- While enterprises and corporations are commonly appraised based on the relative value of their physical assets, the equally important Intellectual Property (IP) rights they control are sometimes disregarded. It is a common fallacy that a typical business that only engages in commerce and does not engage in creative output or ground-breaking innovation has little to do with intellectual property. In truth, intellectual property might be as simple as a company’s logo or the packaging or design of its products. As a result, in today’s market, wise business owners must be aware of what rights they may have that extend well beyond their physical assets, as well as how they might defend such rights.
Q. I recently discovered that a firm with a similar name to mine exists. Is it possible for me to pursue legal action against them?
A. Yes, you can sue the corporation for trademark infringement since the unauthorised use of a registered mark as part of a trade or company name could be grounds for a lawsuit. This is due to the fact that once your trademark is registered, you now enjoy exclusive and exclusive ownership of it.
What constitutes an infringement of a trademark?
- A person who is not the registered proprietor of the trade mark or a registered user of the trade mark utilising by way of authorised use infringes on it by using a mark that is identical to it or so nearly resembling it as to deceive or create confusion in the course of business. That being said, s.38 TMA 1976 governs trademark infringement where it is held that in a case where the use is on the goods or in physical relation to them, or in an advertising circular, or other advertisement issued to the public, as importing a reference to a person who has the right to use the trade mark either as a registered proprietor or as a registered user, or to goods with which the person is connected in the course of trade.
Q. Ok what if the other party argues that their organisation is not entirely similar to yours?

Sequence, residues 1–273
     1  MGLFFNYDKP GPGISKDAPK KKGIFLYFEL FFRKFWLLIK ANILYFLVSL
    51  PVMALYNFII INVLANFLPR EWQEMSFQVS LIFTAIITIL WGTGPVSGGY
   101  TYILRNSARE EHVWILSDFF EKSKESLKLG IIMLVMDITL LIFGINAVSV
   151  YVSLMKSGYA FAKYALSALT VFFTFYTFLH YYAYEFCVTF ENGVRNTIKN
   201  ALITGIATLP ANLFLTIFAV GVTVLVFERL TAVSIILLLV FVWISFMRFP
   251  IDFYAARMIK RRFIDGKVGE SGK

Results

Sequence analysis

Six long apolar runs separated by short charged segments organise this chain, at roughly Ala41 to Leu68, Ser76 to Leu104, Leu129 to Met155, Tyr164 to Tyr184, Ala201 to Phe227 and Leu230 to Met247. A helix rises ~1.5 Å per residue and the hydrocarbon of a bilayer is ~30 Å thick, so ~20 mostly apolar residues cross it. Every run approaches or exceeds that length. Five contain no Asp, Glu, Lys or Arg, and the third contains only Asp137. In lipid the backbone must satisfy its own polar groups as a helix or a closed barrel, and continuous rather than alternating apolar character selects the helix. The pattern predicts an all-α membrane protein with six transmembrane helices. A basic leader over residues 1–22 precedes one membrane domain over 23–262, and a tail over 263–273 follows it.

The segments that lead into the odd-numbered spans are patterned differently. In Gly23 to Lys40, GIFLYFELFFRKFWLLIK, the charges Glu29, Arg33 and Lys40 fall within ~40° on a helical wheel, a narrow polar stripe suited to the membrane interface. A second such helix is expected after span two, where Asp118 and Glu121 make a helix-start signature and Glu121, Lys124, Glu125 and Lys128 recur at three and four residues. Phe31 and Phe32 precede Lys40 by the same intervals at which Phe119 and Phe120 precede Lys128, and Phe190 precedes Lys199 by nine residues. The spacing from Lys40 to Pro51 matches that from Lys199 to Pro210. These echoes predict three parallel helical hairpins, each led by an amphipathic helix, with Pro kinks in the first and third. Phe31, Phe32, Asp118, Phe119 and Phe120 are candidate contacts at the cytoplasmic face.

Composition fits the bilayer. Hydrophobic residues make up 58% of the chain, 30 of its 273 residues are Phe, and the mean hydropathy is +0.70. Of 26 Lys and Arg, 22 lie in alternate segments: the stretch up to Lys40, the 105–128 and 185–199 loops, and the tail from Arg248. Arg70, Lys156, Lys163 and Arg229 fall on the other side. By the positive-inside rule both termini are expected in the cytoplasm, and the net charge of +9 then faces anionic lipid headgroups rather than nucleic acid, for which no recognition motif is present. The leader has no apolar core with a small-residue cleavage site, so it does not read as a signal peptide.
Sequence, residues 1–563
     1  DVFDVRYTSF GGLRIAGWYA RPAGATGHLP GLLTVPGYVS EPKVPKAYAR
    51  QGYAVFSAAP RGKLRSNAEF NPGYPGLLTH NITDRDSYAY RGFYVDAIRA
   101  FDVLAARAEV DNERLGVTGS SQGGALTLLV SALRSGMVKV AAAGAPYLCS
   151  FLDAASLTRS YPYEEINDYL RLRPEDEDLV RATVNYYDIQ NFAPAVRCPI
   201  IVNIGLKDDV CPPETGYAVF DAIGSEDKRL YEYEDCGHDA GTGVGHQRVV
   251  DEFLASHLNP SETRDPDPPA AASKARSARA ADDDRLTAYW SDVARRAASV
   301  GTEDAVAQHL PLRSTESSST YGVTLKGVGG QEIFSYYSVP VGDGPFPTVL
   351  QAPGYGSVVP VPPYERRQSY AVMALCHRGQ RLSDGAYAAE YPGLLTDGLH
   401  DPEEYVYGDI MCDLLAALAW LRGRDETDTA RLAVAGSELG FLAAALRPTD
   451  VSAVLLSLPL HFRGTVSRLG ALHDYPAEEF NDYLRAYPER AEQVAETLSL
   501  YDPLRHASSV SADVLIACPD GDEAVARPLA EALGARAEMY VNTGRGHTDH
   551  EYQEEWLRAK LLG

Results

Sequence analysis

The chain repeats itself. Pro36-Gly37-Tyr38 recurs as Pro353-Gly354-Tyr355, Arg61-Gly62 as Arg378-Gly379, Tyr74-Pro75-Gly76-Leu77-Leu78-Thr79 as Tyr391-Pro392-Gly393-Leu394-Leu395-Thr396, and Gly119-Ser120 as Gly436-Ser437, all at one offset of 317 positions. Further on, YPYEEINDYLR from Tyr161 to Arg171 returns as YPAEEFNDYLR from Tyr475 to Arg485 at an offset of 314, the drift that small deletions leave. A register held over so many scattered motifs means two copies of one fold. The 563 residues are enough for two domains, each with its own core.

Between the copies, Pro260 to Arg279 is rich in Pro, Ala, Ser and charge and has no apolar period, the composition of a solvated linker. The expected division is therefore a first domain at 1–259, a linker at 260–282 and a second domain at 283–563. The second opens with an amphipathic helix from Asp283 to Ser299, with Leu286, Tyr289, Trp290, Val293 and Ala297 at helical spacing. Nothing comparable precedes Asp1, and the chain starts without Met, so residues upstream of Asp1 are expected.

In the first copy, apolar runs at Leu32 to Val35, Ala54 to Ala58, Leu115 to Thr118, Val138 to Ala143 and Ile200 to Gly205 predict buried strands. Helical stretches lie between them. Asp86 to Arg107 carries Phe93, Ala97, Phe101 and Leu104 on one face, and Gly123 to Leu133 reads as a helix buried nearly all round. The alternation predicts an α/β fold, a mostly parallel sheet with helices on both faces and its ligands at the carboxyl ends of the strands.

A. It didn’t matter if the infringing mark was in capital or lowercase as long as the name was likely to cause confusion, and there shouldn’t be a microscopic examination of the minute differences between the competing names in determining the possibility of misunderstanding.
Whether the defendants committed the tort of passing off the plaintiff’s products as their own?
- In essence, the test requires a plaintiff in a passing off action based on a mark or get-up to show that the plaintiff has goodwill in the company about the mark or get-up, misrepresentation, and loss to the plaintiff’s goodwill caused by the misrepresentation.
- In Ortus Expert White Sdn Bhd v Nor Yanni bt Adom & Anor  2 MLJ 67 the learned High Court judge was convinced that the plaintiff’s registered brand and the get-up of the plaintiff’s products attract business and customers . Furthermore, the High Court judge determined that the defendants misrepresented the plaintiff’s registered trademarks, resulting in deception. Finally, the plaintiff’s goods and the defendant’s product are in direct rivalry with one another, and the court will readily infer that the plaintiff’s goodwill would be harmed as a result of lost sales and loss of exclusive use of the plaintiff’s registered brand and get-up.